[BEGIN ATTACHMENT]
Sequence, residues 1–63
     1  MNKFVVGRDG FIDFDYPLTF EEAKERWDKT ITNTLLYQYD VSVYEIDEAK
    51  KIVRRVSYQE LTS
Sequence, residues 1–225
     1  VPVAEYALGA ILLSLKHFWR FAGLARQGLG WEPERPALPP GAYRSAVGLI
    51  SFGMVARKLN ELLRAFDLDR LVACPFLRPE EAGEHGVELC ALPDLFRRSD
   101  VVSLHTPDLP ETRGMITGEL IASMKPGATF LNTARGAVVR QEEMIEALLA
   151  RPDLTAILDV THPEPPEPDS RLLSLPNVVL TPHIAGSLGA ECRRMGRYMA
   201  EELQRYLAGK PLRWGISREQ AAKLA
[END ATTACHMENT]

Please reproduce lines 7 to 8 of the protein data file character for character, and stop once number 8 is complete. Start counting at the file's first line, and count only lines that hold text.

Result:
   101  VVSLHTPDLP ETRGMITGEL IASMKPGATF LNTARGAVVR QEEMIEALLA
   151  RPDLTAILDV THPEPPEPDS RLLSLPNVVL TPHIAGSLGA ECRRMGRYMA